The question of how to change the centuries-old tradition of male preference is a daunting one that Laadli is working hard to address.  It is not easy to reach the most rural of India’s communities, in which the sex ratios are often the worst.  Many people are illiterate and have little to no interaction with technology.  Getting a message to the masses of people has to be innovative and the message has to be clear.  Enter the contestants of the Creative Excellence awards.  They have taken their time, their expertise in advertising, video, audio and design, to create messages that are intended to be accessible and understandable to the majority of India’s population.  While creating economic opportunities for women is a tried and true way of helping improve the status of women, in many poor communities, these opportunities that women in more affluent classes benefit from do not exist.  The women in these poor communities are still tied to traditional roles, suffer a lack of schooling, and burden their families with dowries and the knowledge that they will one day leave the home to care for someone else’s family.

While the Minister of Health tried to disperse blame globally, indentifying the problems women face in the Middle East, South Asia, and China, this in no way absolves India from the responsibility of bettering its own treatment of women and girls.  In fact, India’s sex ratios are some of the worst in the world and on the decline.  This is not something a few accusatory words directed at other countries can undermine.  Many other speakers expressed shame at their country’s inability to progress in this area.  They related progress and modernity to how a country treats its women and girls, and feel India will always be a developing nation as long as these problems exist on this scale.  While India may grow economically and militarily, it is stagnating socially in every community aside from the most elite and urban of communities.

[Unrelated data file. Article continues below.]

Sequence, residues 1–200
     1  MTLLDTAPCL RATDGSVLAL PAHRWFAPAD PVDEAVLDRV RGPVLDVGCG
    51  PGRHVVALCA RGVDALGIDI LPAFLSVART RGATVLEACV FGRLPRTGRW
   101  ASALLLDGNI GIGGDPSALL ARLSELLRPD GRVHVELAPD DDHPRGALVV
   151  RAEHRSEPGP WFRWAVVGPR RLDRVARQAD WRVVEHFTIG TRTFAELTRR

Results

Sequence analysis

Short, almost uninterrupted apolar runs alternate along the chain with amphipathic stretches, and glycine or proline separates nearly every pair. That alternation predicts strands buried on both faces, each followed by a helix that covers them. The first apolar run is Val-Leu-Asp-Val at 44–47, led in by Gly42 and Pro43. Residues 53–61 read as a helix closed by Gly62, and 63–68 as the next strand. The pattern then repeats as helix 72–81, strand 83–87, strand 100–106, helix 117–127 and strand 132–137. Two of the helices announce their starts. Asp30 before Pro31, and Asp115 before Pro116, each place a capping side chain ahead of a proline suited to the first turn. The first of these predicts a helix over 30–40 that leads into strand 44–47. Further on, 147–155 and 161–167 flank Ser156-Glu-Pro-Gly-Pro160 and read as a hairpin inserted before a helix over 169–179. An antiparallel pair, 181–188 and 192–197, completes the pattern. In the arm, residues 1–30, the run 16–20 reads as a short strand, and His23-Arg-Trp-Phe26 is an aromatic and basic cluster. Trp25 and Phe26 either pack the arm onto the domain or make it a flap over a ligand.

Today, a country’s development is not only measured by its economic growth.  Thanks to the Human Development Report, countries are now held accountable for their treatment of their own citizens.  Specifically, the index used in the report measures the, “environment in which people can develop their full potential and lead productive, creative lives in accord with their needs and interests.” And more and more the experiences of women and girls are being included in these measures through indices such as the Gender Inequality Index.  India, though growing quickly economically, is holding itself back through deadly discrimination against women and girls.  In India’s quest to reach the status of a developed country, it will have to do much more to increase the potential not only of it’s million of poor, but also of its millions of disadvantaged women and girls.  It can start by seriously addressing its declining sex ratios and supporting ideology-changing campaigns such as those developed by Laadli.

Zara Rapoport is a summer associate at Gateway House.

This blog was exclusively written for Gateway House: Indian Council on Global Relations. You can read more exclusive content here.

For interview requests with the author, or for permission to republish, please contact

© Copyright 2011 Gateway House: Indian Council on Global Relations. All rights reserved. Any unauthorized copying or reproduction is strictly prohibited